The £10,000 of ‘extra’ spending required to trigger the voucher (£20,000 compared to £10,000 on the Premium Plus card) could be directed elsewhere, triggering sign-up bonuses on other cards
You earn an extra 0.5 Avios per £1 spent, which offsets much of the £195 annual fee on the Premium Plus card
(You need to call Amex to do this and you won’t get any bonus for doing so, but it is worth it. Your card year remains the same, and if you have already spent £10,000 this card year on the free card then your 2-4-1 companion voucher is triggered immediately.)
If you spend between £10,000 and £20,000 per year, so you don’t trigger a voucher at the moment but would with the Premium Plus card, it also logically makes sense to switch.
The only reason to have the free British Airways American Express card is if you spend LESS than £10,000 per year. You don’t spend enough to earn a 2-4-1 voucher but you appreciate the high Avios earning rate.
If you don’t spend £10,000 per year on the free BA Amex credit card, you are better off with the American Express Rewards Credit Card.
Why is the Amex Rewards Credit Card better than the free BA Amex card for low spenders?
Here’s the interesting bit:
The free British Airways American Express card earns 1 Avios per £1 spent
The free Amex Rewards Credit Card earns 1 Membership Rewards point per £1 spent. These transfer 1:1 into Avios points if that is what you choose to do.
What you get with the ARCC card is flexibility.
Yes, you can use your points for Avios. You can send them over to BA via the Amex website and they will arrive within 48 hours.
However, you have other options. Membership Rewards points can also be sent to Virgin Atlantic, Flying Blue, Emirates, Etihad, Delta among other airline partners. You can also send them to Hilton Honors (1:2), Marriott Bonvoy (2:3) and Radisson Rewards (1:3). You can convert them to Club Eurostar (15:1). You can even use them for shopping vouchers. You can see the airline partners here.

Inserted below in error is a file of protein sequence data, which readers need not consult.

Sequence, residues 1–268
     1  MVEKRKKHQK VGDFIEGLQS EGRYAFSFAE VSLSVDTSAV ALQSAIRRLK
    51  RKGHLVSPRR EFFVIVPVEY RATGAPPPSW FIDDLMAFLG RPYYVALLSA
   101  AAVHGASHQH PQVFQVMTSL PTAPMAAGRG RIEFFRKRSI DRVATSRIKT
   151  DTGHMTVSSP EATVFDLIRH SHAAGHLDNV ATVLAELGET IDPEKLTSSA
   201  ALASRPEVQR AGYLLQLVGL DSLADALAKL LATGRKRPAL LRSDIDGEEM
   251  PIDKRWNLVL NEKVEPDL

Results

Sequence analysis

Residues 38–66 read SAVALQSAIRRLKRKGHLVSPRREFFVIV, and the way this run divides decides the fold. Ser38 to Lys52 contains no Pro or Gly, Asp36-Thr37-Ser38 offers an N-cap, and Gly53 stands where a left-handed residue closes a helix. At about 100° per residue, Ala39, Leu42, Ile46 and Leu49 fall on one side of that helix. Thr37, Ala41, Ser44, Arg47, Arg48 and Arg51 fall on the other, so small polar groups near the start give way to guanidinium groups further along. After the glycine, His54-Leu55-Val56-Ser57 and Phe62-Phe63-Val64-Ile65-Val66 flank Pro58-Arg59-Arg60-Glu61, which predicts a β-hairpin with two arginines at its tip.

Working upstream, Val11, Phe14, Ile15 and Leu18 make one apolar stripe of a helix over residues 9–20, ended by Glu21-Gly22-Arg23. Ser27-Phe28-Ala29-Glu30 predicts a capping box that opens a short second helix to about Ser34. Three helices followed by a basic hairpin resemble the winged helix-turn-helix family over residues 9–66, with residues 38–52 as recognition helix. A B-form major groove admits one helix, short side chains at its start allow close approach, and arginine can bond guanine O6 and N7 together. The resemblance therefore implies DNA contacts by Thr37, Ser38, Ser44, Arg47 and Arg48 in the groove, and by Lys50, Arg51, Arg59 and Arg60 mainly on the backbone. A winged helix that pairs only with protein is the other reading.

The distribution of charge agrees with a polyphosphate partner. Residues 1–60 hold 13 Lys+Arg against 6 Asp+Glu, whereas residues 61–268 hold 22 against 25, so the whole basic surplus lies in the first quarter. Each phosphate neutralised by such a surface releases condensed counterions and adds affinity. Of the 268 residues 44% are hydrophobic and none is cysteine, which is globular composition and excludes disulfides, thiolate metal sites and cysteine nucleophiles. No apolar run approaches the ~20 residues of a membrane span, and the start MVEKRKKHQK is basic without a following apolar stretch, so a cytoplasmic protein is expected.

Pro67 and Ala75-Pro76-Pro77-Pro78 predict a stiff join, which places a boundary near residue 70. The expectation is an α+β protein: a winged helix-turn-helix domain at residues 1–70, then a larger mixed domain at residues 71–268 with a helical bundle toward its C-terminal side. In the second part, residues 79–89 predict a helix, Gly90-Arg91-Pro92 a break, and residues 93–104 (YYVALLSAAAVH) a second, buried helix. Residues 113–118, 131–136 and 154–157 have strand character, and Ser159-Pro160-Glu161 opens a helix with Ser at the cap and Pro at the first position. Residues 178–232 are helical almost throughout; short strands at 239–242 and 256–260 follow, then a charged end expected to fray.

The Amex Rewards Credit Card gives you more choice. You can still take Avios if you want, and at the same 1 Avios per £1 earning rate. If you suddenly decide that you want hotel points, or that Virgin Atlantic miles make more sense, or even that you want to abandon Avios altogether, you can. Simply move your Amex points somewhere else instead.
With the free BA Amex card, your points are sitting in Avios from Day 1 and you can’t do anything else with them. If Avios devalues its rewards, if BA stops flying your preferred route, if reward availability suddenly gets a lot harder to find, if Reward Flight Saver fees jump up, if new surcharges get added ….. you’re stuck.
Swapping to the Amex Rewards Credit Card gives you more control over your points.
The only good reason NOT to drop your free BA Amex is that having the ARCC card means that you cannot get a sign-up bonus on an Amex Gold or Amex Platinum card in the future. You would have to cancel ARCC and wait 24 months.
There are good reasons for EVERY holder of the free British Airways American Express card to reconsider.
If you spend over £20,000 on the free BA Amex card to trigger the 241 voucher, I think you’re making a mistake as my old article here explains
If you spend between £10,000 and £20,000 on the free BA Amex card, you are making a huge mistake because you would be earning the 2-4-1 voucher if you upgraded to the Premium Plus version
If you spend under £10,000 on the free BA Amex, I believe that the Amex Rewards Credit Card offers a compelling alternative – just be careful that you don’t compromise your ability to get future sign-up bonuses
You can apply for the one remaining version of the American Express Rewards credit card here.
(Want to earn more miles and points from credit cards? Click here to visit our dedicated airline and hotel travel credit cards page or use the ‘Credit Cards Update’ link in the menu bar at the top of the page.)
Disclaimer: Head for Points is a journalistic website. Nothing here should be construed as financial advice, and it is your own responsibility to ensure that any product is right for your circumstances. Recommendations are based primarily on the ability to earn miles and points and do not consider interest rates, service levels or any impact on your credit history. By recommending financial products on this site, I am – technically – acting as a credit broker. Robert Burgess, trading as Head for Points, is regulated and authorised by the Financial Conduct Authority to act as a credit broker.